Get to know about Poland and upcoming changes
Is your business growing fast? Do you want to expand into new markets? Are you already in Poland? Are you prepared for upcoming changes and country by country reporting?
Stable political and economic situation (EU and NATO)
GDP growth rate higher than in euro zone
High ratio of people enrolled in higher education
Shared Service Centers
Developing R&D Centers
Poland offers you this and much more.
During our meeting we will discuss:
- Geopolitical situation of Poland after parliamentary elections
- Poland as a place for setting up a Business
- Swiss-Polish study case during experience panel discussion
- Incentives for Investors
- Legal and tax Environment
- Polish tax changes 2016
We will be ready to answer your questions and look forward to meeting you in person.
We are all aware of the steady increase of regulations in the financial sector, but those who are not operative in the financial industry tend to think that they are in the clear as long as they do not operate what they assess to be financial businesses. Well, this happens to show wrong.
Legal provisions that appeared to be relevant only for banks, insurers, asset managers and some other specific operators are now turning to be relevant for a broad range of persons and companies which had not thought they would even come close the financial regulator. A whole range of industries – starting with the chemical sector and all the way down to consumer goods traders – might well need to look in detail at the new Swiss Financial Market Infrastructure Act (FMIA). Martin Liebi has summarised in this issue of our Legal News the key issues which might well affect you – even if you are not operating business in any of those sectors traditionally understood as being the object of strict regulatory framework of the Swiss financial oversight authorities. I strongly recommend that you look at this. Martin would be happy to elaborate on any matter you might want to discuss with him in this regards.
Read more here.
In two recently published decisions, the Federal Supreme Court (the “Court“) has clarified the federal and cantonal competences for issuing tax rulings on income tax matters. The two Court decisions confirm that the competence for the issuance of tax rulings for direct federal tax purposes lies with the cantonal tax authorities and not with the federal tax authorities.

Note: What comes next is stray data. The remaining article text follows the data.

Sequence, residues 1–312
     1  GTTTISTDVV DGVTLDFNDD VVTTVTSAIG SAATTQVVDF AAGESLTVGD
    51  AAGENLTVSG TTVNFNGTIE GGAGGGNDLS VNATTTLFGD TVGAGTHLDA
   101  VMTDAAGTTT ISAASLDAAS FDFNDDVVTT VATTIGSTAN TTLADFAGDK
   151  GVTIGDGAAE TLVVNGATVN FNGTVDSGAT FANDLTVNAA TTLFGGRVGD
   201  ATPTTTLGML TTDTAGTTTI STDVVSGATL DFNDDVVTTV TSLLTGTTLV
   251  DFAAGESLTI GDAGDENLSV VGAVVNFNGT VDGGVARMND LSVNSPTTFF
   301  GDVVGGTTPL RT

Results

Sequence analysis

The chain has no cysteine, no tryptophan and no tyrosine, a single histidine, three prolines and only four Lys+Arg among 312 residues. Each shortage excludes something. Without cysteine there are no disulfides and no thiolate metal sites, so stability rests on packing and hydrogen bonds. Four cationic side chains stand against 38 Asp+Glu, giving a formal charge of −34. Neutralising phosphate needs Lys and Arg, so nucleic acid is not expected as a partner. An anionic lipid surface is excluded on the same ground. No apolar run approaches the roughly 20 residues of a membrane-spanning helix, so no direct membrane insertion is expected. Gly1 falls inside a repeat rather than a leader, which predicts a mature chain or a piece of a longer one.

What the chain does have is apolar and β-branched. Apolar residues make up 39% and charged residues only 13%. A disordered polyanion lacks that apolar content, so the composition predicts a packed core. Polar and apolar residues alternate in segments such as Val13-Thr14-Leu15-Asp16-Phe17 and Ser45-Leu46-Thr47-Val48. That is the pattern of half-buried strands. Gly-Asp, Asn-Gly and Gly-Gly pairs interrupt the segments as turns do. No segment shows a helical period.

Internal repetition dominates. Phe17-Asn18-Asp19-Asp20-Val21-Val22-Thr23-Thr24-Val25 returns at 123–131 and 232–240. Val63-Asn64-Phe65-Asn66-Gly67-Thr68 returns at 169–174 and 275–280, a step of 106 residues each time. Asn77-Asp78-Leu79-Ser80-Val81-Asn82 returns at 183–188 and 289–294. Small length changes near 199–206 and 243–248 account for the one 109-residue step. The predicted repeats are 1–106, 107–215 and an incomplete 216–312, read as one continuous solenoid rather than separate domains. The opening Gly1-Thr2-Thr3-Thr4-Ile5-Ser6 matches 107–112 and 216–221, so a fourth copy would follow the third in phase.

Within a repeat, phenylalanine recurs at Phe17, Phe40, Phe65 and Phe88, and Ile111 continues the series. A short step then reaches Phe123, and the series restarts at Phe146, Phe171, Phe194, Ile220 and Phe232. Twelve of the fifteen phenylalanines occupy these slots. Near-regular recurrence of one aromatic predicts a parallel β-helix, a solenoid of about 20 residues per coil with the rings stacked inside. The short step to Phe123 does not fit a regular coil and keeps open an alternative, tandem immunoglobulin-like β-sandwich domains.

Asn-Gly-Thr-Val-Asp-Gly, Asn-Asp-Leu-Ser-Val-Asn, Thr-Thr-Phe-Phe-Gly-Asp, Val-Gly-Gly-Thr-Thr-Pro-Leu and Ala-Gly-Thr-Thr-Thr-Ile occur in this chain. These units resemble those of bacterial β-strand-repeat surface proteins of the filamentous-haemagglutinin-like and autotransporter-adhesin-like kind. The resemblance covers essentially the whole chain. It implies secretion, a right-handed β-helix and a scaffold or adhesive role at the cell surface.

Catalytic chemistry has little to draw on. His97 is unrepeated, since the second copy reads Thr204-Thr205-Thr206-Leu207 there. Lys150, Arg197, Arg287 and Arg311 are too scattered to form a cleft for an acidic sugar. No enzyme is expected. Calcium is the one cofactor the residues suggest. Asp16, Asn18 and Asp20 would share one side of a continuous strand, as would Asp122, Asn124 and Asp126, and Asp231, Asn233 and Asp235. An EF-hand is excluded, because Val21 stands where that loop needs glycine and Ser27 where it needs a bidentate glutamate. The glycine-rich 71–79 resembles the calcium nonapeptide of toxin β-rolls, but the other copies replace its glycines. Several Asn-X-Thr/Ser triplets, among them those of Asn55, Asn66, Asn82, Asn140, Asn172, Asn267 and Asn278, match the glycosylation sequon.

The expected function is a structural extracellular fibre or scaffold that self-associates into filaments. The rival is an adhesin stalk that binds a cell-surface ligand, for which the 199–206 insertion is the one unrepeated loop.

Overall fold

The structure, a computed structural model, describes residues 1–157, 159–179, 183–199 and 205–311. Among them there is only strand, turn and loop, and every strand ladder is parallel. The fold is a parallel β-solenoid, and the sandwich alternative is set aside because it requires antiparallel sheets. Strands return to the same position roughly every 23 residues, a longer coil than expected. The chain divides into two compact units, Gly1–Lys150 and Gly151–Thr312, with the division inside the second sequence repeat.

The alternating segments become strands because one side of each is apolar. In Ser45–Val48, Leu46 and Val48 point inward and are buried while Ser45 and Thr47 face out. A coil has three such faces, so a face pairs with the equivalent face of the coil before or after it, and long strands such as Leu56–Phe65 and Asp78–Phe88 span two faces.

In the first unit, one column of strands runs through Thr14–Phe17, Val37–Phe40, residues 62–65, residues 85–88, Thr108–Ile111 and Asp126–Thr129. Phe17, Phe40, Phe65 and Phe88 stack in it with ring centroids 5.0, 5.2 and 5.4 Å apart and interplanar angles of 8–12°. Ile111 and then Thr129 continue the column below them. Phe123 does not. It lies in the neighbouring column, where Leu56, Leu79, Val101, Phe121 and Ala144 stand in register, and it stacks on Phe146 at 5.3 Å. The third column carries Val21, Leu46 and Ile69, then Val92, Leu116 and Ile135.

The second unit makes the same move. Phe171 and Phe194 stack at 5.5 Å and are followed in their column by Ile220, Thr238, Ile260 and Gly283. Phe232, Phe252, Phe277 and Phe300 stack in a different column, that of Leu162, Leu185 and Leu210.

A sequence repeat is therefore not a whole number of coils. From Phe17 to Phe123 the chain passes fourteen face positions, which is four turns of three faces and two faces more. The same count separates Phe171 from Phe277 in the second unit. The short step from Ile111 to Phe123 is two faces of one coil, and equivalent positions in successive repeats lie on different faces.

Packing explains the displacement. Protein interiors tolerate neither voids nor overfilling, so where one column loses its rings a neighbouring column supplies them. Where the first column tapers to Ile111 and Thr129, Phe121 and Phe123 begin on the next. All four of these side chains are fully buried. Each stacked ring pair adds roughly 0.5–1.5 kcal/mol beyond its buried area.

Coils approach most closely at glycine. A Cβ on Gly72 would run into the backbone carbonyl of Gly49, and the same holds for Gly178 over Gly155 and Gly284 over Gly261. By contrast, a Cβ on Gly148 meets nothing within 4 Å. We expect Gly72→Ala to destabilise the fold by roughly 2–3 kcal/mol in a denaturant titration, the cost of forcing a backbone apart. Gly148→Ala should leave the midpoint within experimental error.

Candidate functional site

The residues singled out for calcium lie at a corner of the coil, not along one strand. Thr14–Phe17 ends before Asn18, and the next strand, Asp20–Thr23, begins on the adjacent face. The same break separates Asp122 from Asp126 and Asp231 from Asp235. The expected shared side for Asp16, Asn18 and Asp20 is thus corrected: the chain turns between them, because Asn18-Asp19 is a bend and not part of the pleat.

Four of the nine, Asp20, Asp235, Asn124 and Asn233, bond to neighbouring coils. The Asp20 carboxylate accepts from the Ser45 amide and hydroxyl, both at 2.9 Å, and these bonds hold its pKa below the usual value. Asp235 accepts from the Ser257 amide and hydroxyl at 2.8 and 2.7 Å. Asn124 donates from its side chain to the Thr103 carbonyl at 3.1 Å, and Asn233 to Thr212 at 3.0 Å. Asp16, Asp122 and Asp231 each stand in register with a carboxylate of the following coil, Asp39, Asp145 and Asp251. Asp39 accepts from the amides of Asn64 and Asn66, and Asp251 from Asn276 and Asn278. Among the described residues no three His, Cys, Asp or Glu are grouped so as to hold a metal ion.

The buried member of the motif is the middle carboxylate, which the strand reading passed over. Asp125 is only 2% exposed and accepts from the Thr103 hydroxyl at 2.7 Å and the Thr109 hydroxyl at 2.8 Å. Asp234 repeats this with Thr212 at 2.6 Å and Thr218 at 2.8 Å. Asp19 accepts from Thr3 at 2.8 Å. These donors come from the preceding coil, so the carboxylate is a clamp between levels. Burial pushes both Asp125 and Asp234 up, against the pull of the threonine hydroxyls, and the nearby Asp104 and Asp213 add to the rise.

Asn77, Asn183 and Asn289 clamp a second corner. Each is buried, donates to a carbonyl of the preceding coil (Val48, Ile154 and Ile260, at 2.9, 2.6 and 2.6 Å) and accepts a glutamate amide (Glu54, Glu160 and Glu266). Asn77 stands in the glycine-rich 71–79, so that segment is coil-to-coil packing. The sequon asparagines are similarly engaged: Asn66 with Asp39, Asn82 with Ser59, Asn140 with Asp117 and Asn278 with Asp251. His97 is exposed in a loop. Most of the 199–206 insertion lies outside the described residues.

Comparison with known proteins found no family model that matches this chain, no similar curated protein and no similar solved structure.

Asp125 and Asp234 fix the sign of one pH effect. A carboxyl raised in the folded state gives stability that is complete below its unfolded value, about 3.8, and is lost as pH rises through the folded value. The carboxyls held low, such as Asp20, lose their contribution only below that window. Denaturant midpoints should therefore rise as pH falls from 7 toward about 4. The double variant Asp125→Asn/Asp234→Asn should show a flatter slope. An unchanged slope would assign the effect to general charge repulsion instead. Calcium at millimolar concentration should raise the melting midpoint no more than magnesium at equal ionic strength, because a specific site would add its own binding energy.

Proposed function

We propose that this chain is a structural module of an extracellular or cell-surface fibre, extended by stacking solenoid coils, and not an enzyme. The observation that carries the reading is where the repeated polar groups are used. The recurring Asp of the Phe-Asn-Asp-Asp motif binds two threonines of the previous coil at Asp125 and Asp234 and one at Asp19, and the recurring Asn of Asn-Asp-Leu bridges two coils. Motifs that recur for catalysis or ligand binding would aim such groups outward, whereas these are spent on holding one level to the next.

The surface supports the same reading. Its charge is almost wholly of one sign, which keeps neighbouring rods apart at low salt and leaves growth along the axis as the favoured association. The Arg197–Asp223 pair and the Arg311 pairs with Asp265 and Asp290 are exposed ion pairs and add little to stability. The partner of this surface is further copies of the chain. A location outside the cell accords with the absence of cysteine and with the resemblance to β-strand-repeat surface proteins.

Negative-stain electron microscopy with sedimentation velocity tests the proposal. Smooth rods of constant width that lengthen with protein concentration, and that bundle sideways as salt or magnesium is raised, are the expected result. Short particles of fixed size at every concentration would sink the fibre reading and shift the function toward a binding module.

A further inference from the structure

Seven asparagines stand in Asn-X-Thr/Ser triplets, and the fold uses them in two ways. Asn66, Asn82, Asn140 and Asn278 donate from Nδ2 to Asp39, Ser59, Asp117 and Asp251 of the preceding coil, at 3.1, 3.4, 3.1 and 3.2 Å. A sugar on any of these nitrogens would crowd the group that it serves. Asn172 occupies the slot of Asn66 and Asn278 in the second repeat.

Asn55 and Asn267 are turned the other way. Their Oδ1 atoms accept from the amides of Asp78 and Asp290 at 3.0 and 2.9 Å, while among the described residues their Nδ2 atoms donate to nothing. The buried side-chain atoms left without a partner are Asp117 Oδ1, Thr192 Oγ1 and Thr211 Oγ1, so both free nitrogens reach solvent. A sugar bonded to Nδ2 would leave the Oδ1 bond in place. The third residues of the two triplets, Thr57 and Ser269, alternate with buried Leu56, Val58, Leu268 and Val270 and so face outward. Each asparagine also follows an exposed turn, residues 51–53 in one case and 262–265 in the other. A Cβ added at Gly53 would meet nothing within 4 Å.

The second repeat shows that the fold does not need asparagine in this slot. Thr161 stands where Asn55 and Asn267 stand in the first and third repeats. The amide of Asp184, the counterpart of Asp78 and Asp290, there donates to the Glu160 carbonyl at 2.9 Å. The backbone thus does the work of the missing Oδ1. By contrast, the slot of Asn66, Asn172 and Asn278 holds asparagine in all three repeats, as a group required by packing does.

Although the two decisions of the Court are worded as a confirmation of its current practice, they contradict the Court´s statement made back in 2012, when it left open the question as to whether rulings issued by the cantonal tax authorities concerning direct federal taxes were binding if not explicitly approved also by the Swiss Federal Tax Administration.
Despite these two new Court decisions, it should be noted that the Federal Tax Administration is entitled, based on explicit legal provisions, to object to rulings issued by the cantonal tax authorities in cases of inaccurate application of the Federal Tax Law governing direct federal taxation by the cantons. This means that even if a cantonal tax ruling addresses direct federal tax consequences, there is still a certain risk that the Federal Tax Administration may take a different position on an objection at a later point in time.
For more information on the topic discussed above, including what it means in practice or for other tax questions, contact your local PwC engagement team or me.